In time, Fight Club would be wrongly held up in a darker light, drawing criticism for its seeming glorification of a male aggression and violence that pockmarked 90s America. Indeed, five years after its release, The Downward Spiral itself would be examined during the investigation into the Columbine school shootings of 1999, as the shooters had referenced it in their private journals. The track Big Man With A Gun had been intended as an admonishment of such themes, Trent describing the song as “a parody of the whole super-macho misogyny thing”. Still, such was the cultural top-table seat The Downward Spiral took upon its release that Trent would soon be defending his work against attacks from senators within the right-wing Republican Party, who decried its lyrics as morally bankrupting American’s youth. 

Even before The Downward Spiral, Nine Inch Nails had inspired soundalike bands, among them Filter, featuring former Nine Inch Nails live guitarist Richard Patrick. But the wave of imitators only accelerated after it was released, with the likes of Gravity Kills and Sister Machine Gun clutching at its coat-tails. Ridiculously, Mötley Crüe would swap spandex for trench coats and cod-industrial beats on 1997’s derided Generation Swine album, while even Judas Priest’s Rob Halford turned in a NIN-indebted solo album under the name Two (released on Trent’s Nothing Records). Incredibly, Axl Rose was also rumoured to be considering making a Reznor-inspired solo album (in his defence, he was a long-time fan of the band, even inviting them to open for Guns N’ Roses at Wembley Stadium in 1991).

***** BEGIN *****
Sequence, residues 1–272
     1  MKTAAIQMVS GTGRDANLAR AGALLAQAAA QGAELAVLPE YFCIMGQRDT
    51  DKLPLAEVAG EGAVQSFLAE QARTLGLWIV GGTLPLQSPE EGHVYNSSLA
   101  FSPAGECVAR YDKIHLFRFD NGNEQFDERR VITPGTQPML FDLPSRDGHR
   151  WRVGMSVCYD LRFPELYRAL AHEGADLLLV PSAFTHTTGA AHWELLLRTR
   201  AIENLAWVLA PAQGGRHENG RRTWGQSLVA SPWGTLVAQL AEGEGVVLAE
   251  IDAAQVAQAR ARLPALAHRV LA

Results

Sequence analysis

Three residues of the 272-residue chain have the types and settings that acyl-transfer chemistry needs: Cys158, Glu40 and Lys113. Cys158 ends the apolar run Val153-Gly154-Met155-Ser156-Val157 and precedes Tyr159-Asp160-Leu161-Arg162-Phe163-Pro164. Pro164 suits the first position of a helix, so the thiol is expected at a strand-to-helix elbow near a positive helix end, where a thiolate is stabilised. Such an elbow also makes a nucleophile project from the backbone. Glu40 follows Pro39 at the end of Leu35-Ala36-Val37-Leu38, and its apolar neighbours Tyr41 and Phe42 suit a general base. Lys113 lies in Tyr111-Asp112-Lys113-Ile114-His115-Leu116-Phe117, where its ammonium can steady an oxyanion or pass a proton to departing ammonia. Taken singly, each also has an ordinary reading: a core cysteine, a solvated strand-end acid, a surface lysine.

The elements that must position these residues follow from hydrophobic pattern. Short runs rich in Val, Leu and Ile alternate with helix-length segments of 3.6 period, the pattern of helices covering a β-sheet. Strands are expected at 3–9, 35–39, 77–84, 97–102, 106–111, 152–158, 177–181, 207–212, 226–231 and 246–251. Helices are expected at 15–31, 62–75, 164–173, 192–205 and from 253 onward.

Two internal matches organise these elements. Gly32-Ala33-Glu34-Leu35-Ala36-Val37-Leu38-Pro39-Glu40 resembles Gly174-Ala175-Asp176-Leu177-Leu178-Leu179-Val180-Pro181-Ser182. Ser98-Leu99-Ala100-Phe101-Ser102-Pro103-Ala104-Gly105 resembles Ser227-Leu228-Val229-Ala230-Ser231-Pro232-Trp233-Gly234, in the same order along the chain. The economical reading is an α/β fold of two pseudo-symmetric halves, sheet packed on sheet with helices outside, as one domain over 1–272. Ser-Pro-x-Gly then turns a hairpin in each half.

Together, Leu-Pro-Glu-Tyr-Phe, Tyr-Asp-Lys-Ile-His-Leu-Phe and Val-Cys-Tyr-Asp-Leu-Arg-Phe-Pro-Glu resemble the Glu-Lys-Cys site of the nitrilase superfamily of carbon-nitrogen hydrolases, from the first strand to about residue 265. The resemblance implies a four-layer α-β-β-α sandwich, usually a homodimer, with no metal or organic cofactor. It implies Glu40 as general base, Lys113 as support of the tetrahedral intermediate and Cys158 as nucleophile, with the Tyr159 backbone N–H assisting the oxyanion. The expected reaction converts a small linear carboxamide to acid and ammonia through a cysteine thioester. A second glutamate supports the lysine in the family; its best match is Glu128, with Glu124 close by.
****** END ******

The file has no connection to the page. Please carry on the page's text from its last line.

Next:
Yet The Downward Spiral didn’t simply funnel bands into a Nine Inch Nails-shaped genre mould, it also told other artists that it was OK to shatter genre moulds completely. Six months after its release, Korn would lay the foundations for a nu metal scene that would similarly throw caution to the wind of convention. In 1997, Spin magazine crowned Trent Reznor as “the most vital artist in music”, and one who was as readily responsible for the “mainstream acceptance of techno and electronica” as much as industrial metal.

Conversely, when ailing country icon Johnny Cash covered The Downward Spiral’s anthemic album-closer Hurt in 2002, he lent the song a new resonance and reach of its own. Cash authentically reframed the record’s conflicted emotional coda on life and love in the context of the latter stage of his life. Trent admitted to Alternative Press that he felt that Hurt “isn’t mine anymore. I wrote some words and music in my bedroom as a way of staying sane, about a bleak and desperate place I was in. Some-fucking-how that winds up reinterpreted by a legend from a different genre and era, and still retains sincerity and meaning – different, but every bit as pure.”